This is absolutely enforced subjugation.

WE now have all the rights that make this seem insane, when presented without the real environment of the past in mind.

My grandmother just died a couple of years ago and she was in her late 70s. One of her aunts was one of the Famous Five. All the same, when my grandfather decided that he needed the money from the farm (which today would be worth tens of millions of dollars) he sold it. Even though his name wasn't on it. Because he OWNED my grandmother and all of what she owned. She could not stop him, nor could she have sold it without his permission.

In the 80s, if your father decided that he wanted to have sex and your mother did not and if he decided to force her to wasn't rape. Because he could not rape your mother. If this resulted in pregnancy, in most places she could not have had an abortion. She could not have him charged under the law. She had no legal redress, because in being married she had no legal rights to stop him from forcing her to have sex.

Do you begin to see the problem here? That you think we are so very far away from barbarism. But *I* am only in my thirties, and I remember privileged, religious, white men on the TV news discussing how it was a terrible thing to make wife rape illegal, and how it was unfair to them. Men who were my father's age (and he is only now in his mid fifties) telling the world that if I married, I had less rights to my own vagina than my husband.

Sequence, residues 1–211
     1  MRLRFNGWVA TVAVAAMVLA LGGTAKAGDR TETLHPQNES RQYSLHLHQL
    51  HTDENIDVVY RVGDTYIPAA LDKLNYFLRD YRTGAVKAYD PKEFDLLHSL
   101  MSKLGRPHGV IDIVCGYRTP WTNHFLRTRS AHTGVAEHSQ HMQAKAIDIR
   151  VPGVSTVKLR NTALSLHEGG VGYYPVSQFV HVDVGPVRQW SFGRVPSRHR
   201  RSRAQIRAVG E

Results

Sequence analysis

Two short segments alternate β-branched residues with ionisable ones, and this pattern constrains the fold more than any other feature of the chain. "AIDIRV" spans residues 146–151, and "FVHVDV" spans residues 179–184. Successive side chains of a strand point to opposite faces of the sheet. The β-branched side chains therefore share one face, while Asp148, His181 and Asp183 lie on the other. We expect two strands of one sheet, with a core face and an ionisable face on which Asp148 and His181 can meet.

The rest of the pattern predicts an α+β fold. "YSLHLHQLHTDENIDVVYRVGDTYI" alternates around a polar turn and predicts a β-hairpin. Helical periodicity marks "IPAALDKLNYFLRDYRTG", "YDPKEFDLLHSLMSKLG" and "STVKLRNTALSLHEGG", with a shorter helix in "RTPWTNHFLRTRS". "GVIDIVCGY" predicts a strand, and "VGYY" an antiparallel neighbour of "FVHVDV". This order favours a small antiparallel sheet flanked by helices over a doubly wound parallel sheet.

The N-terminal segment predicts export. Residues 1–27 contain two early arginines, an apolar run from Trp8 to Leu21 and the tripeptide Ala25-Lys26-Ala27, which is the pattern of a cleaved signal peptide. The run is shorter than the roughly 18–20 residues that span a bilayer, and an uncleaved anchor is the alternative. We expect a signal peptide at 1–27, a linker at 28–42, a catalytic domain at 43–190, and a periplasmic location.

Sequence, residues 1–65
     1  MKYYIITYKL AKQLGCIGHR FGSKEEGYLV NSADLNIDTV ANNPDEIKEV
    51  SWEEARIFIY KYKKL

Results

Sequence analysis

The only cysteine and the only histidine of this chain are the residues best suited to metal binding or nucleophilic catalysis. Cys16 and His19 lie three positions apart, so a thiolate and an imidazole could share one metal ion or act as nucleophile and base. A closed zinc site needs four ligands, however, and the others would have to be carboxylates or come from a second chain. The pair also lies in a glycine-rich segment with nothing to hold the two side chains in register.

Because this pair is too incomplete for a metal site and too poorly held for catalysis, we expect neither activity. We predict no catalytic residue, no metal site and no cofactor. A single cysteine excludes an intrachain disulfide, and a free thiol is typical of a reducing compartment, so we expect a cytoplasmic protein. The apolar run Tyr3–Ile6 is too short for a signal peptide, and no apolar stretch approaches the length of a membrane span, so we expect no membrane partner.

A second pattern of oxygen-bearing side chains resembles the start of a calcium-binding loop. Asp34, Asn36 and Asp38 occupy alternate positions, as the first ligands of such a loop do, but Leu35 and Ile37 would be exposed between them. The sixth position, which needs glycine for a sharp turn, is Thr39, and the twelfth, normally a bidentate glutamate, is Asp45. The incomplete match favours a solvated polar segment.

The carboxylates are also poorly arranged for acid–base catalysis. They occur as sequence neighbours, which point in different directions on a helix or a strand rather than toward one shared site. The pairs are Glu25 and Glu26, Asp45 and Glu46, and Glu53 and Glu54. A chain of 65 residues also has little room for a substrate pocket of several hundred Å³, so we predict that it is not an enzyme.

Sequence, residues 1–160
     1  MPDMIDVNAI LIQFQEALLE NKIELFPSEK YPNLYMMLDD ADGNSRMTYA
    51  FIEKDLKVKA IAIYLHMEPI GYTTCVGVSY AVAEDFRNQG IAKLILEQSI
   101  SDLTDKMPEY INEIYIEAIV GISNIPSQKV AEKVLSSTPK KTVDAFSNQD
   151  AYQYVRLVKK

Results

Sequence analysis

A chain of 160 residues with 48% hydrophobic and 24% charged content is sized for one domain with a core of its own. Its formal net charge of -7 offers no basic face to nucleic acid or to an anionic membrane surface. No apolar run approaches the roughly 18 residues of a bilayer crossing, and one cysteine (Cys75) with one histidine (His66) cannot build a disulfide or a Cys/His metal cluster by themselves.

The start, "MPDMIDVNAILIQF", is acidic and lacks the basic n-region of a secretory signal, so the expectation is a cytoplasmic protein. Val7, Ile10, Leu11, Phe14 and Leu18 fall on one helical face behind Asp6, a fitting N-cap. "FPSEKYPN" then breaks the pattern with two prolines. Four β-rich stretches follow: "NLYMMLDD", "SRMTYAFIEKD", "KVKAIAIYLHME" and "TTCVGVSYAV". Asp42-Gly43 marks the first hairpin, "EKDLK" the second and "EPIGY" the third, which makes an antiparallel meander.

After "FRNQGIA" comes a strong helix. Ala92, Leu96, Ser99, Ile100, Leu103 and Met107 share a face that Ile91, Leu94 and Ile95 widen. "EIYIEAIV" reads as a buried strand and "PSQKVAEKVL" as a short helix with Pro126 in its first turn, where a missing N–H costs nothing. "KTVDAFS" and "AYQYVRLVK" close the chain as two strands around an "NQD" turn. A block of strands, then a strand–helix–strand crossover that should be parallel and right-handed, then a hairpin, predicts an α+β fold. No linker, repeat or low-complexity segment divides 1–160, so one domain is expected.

All the same, I disagree with the ladies actions. This is taking out your very reasonable problem with it on another who ALSO has no redress. The child. She has merely downstreamed her oppression by taking it out on someone even less protected by culture and law. That's unacceptable to me.

[edit on 2009/5/13 by Aeons]

posted on May, 13 2009 @ 05:10 PM
reply to post by Kailassa

Thanks so much for that terrific post, Kailassa. I do have to wonder if there is not something else going on between Rebbecca and her mother, Alice. Rebbecca states:

"The truth is that I very nearly missed out on becoming a mother - thanks to being brought up by a rabid feminist who thought motherhood was about the worst thing that could happen to a woman..."

Um....seems to me a bit of a stretch. Seems to me Rebbecca is very nearly giving her power away by seeing herself as a victim and blaming her mother for almost missing out??? It's pretty easy for a grown woman to tell her own mother to bug off. This kind of victimization is not exactly becoming.

I loved "Temple of My Familiar" - so much more interesting and hopeful than "The Color Purple".

posted on May, 13 2009 @ 05:53 PM
Just in case anyone is interested in a very high level account of women's rights as has been practiced over the world - that some people seem to think we should gladly accept.

posted on May, 15 2009 @ 02:16 PM
It's not too hard to be a good mother and be free to do what you want as well. You are a slave of your actions and their consequences, so of course you'd be a slave to your child.